Posted by AzBlueMeanie:
Joan McCarter at Daily Kos has some posts about voting rights and voter suppression that I highly recommend. The first is Support for voter ID laws linked to 'racial resentment':
So maybe it is all about disenfranchising minorities, just maybe?
A new National Agenda Opinion Poll by the University of Delaware’s Center for Political Communication reveals support for voter identification laws is strongest among Americans who harbor negative sentiments toward African Americans.
The study finds that racial resentment trumps party affiliation and political attitudes. While they found Republicans and conservatives overwhelmingly support voter suppression (because that's what they do), they found that Democrats and liberals "with the highest 'racial resentment'" also express strong support for the laws.
The second post is Brennan Center: 500,000 won't be able to get 'free' voter IDs:
The Brennan Center, NYU Law School's public policy institute that focuses on democracy and justice issues, has a new report detailing the challenges faced by voters in 10 states with new, restrictive voter ID laws. Those laws ultimately mean that as many as 500,000 eligible voters won't cast ballots because of the insurmountable barriers these laws erect, particularly for rural voters. In other words, yes, these new laws are basically poll taxes.
The cost of the IDs aside, most of these voters don't have access to transportation to obtain the ID. To complicate matters more, in many of these states, the offices that are designated to issue IDs are open infrequently for short periods of time.
Even if someone seeking photo ID manages to travel to an ID-issuing office, there is no guarantee it will be open during regular business hours. In Wisconsin, Alabama, and Mississippi, fewer than half of all ID-issuing offices are open five days a week. None are open on weekends. And some offices maintain truly unusual hours: the office in Woodville, Mississippi is open only on the second Thursday of each month.
The report also provides an extensive look at the scarcity of ID-issuing offices in areas heavily populated by people of color and those in poverty — the exact population that most lack government-issued photo ID.
In 11 Alabama counties within the rural “black belt,” there are more than 60,000 eligible black voters but no driver’s license offices open more than two days per week. In Texas, in 32 counties near the Mexico border, there are 80,000 Hispanic eligible voters but only two such ID-issuing offices. Across the voter ID states, many of the offices with limited hours are located in rural areas with high concentrations of minority voters.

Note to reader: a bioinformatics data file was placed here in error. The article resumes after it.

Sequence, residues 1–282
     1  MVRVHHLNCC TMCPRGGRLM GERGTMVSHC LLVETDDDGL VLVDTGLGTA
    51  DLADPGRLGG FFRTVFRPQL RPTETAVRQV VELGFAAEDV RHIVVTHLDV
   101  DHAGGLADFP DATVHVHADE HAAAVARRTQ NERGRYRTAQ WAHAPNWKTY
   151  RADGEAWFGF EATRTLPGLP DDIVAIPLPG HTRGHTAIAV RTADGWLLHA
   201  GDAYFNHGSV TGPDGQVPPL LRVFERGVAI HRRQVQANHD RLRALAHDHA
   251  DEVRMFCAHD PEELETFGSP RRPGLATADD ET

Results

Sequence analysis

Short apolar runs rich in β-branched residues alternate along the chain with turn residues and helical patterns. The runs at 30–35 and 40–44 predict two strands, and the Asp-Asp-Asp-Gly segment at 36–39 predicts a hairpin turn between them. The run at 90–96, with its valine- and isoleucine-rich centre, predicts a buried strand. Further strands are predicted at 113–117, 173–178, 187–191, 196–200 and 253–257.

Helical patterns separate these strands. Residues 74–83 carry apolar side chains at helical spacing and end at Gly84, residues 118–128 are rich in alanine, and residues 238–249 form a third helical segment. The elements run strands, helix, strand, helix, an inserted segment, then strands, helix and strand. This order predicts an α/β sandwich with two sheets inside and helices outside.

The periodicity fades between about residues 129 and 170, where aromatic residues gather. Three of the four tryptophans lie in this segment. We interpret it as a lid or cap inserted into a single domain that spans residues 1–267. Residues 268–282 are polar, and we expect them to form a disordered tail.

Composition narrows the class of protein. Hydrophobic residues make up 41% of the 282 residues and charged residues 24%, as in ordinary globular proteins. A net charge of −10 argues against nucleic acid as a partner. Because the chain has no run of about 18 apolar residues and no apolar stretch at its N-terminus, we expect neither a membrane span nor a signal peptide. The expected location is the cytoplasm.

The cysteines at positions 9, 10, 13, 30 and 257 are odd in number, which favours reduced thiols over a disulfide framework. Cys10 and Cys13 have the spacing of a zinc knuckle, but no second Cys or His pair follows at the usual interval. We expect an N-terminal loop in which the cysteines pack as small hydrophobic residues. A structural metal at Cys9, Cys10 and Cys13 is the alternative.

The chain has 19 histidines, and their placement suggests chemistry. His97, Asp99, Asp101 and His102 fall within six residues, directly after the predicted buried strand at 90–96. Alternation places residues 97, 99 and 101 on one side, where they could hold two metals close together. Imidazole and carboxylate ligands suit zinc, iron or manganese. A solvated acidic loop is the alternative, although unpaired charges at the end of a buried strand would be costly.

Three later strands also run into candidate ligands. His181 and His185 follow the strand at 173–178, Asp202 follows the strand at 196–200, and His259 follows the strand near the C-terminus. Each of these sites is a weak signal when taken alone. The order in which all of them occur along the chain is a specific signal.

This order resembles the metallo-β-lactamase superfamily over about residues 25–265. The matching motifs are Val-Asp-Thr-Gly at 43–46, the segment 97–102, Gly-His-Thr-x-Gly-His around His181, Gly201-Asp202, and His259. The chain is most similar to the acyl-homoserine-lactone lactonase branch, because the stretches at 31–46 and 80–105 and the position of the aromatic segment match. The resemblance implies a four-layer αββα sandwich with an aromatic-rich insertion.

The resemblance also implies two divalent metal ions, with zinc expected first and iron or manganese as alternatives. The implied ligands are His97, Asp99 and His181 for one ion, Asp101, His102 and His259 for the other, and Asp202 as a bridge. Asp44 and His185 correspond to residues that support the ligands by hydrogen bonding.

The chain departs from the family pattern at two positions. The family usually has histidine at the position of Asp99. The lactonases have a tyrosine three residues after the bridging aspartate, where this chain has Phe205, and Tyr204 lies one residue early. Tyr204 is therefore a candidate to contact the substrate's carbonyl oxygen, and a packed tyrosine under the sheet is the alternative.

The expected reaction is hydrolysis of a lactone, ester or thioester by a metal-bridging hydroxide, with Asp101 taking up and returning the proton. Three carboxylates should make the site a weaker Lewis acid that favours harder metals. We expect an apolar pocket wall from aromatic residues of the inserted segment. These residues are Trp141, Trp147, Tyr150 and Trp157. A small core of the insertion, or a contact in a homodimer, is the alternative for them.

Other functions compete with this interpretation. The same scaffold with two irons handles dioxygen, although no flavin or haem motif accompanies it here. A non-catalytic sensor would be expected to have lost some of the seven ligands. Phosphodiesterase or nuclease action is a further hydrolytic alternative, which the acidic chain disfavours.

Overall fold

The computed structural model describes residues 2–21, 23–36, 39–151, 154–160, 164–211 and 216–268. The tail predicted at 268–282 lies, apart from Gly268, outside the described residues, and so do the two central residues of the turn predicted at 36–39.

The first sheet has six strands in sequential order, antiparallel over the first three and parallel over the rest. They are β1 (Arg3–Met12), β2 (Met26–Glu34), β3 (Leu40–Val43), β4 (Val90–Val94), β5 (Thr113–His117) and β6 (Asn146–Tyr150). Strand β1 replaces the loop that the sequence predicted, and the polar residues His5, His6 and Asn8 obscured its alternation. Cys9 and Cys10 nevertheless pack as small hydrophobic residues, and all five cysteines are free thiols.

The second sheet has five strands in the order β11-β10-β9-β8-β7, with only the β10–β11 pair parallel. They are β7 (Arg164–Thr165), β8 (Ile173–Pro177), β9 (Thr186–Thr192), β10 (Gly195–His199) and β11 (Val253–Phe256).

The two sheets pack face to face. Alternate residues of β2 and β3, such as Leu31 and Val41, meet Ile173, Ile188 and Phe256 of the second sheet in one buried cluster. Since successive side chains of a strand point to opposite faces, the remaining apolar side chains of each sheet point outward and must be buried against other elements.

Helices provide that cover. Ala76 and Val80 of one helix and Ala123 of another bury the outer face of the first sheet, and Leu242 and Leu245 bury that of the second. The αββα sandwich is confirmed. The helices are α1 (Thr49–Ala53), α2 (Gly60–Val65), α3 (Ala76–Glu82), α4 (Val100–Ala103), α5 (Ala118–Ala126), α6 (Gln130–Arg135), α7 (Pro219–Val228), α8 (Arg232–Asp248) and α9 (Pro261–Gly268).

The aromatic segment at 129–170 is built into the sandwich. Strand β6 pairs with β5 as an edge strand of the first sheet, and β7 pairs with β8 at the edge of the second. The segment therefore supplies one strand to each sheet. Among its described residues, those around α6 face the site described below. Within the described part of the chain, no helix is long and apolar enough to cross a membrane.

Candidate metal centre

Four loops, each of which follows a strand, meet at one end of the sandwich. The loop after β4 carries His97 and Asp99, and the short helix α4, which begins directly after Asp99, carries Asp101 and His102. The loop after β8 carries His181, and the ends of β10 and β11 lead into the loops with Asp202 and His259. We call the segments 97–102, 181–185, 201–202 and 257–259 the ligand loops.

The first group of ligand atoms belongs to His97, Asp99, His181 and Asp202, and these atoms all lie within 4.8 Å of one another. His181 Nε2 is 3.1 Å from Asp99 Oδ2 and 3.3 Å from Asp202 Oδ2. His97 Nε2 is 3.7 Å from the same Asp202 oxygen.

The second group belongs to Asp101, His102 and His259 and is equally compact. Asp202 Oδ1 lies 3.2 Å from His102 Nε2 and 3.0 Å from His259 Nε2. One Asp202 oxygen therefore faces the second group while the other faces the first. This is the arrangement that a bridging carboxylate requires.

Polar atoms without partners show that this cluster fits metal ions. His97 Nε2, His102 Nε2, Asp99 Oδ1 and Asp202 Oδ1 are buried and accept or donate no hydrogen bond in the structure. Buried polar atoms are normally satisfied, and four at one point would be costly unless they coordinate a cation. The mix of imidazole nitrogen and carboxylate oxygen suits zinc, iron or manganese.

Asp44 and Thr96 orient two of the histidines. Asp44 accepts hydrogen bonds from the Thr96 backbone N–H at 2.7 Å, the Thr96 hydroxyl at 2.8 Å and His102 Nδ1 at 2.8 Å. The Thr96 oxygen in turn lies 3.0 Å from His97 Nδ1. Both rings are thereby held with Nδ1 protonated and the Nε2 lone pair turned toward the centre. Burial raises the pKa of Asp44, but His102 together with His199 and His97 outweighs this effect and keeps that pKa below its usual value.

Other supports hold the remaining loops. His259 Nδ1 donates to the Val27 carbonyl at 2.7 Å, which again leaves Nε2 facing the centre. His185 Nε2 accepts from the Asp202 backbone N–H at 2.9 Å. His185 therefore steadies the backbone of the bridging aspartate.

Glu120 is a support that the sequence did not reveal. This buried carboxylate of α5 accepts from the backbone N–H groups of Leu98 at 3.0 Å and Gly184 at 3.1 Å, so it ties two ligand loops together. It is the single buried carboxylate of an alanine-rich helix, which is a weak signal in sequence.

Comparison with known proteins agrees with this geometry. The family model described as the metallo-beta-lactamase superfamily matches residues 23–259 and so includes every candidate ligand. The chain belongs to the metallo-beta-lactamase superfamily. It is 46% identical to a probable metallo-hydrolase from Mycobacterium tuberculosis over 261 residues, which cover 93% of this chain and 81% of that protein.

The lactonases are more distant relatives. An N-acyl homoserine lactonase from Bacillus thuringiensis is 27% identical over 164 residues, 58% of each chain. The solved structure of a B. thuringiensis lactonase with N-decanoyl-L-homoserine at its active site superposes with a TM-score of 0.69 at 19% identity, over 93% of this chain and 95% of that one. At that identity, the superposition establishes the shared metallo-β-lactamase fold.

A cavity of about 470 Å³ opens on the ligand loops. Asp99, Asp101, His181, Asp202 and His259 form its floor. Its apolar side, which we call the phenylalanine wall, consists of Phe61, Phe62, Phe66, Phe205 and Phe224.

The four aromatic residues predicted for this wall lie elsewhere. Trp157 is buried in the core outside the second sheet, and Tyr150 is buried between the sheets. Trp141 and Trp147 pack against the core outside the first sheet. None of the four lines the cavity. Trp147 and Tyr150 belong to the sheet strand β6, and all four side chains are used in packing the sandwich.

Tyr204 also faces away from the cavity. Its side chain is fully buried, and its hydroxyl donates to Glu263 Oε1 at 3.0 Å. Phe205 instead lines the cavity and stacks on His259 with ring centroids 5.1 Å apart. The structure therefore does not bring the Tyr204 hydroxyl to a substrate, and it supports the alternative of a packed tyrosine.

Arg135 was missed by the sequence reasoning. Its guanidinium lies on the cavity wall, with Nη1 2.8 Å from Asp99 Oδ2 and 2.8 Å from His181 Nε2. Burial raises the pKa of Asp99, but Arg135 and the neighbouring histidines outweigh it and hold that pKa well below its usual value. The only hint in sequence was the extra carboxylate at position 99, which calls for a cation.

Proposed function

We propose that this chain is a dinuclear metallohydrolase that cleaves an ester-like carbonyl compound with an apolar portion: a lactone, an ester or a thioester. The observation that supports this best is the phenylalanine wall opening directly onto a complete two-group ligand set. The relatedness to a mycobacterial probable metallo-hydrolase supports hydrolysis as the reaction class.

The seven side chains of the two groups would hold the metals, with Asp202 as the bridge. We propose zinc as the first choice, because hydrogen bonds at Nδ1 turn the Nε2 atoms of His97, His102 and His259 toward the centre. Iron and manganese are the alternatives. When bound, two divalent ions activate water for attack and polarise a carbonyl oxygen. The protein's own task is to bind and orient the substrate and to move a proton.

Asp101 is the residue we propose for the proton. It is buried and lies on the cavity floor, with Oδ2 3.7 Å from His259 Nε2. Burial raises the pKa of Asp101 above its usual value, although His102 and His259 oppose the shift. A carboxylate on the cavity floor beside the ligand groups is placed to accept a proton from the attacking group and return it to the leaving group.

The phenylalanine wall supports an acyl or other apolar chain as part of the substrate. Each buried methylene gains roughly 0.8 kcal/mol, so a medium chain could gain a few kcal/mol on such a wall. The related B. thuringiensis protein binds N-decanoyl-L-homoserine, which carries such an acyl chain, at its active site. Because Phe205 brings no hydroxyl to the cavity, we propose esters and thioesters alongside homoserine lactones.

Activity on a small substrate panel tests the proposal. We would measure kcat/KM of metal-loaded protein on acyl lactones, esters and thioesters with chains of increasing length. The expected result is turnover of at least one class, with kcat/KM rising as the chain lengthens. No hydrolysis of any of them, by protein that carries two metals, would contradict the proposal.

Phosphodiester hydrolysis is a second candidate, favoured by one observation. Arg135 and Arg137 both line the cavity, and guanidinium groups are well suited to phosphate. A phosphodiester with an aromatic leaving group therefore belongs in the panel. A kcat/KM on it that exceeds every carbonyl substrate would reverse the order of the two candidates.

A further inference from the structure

A Wisconsin state court judge found this week that these barriers are a "substantial impairment of the right to vote" guaranteed by Wisconsin's constitution, and blocked the voter ID law from being implemented in Wisconsin.
Voting rights advocates in Minnesota made the same arguments this week before the state's Supreme Court against a ballot measure that would amend the state’s constitution to “require all voters to present valid photographic identification to vote.” This week in the War on Voting: The costs of voter ID:
The measure, which will be decided by voters in November if the state’s high court allows it, also requires “the state to provide free identification to eligible voters.” Yet those IDs wouldn’t exactly be free—at minimum, taxpayers would foot the bill, as would voters who would first need to obtain a $26 birth certificate and travel up to 100 miles to a Department of Vehicle Services office to apply for their ID.
The American Federation of Government Employees Voter Protection Coordinator Mark Vinson says in the video [below], when people conflate having to have a photo ID to fly, to see an R-rated movie, to buy beer, they're willfully missing the point. Those things are all privileges. Voting is a right. Plenty of people are precluded from flying, going out to the movies, or drinking beer because they can't afford to do those things. They shouldn't be stopped from voting because they can't afford it. Making people pay to vote, in any way, is indeed a poll tax. [24th Amendment].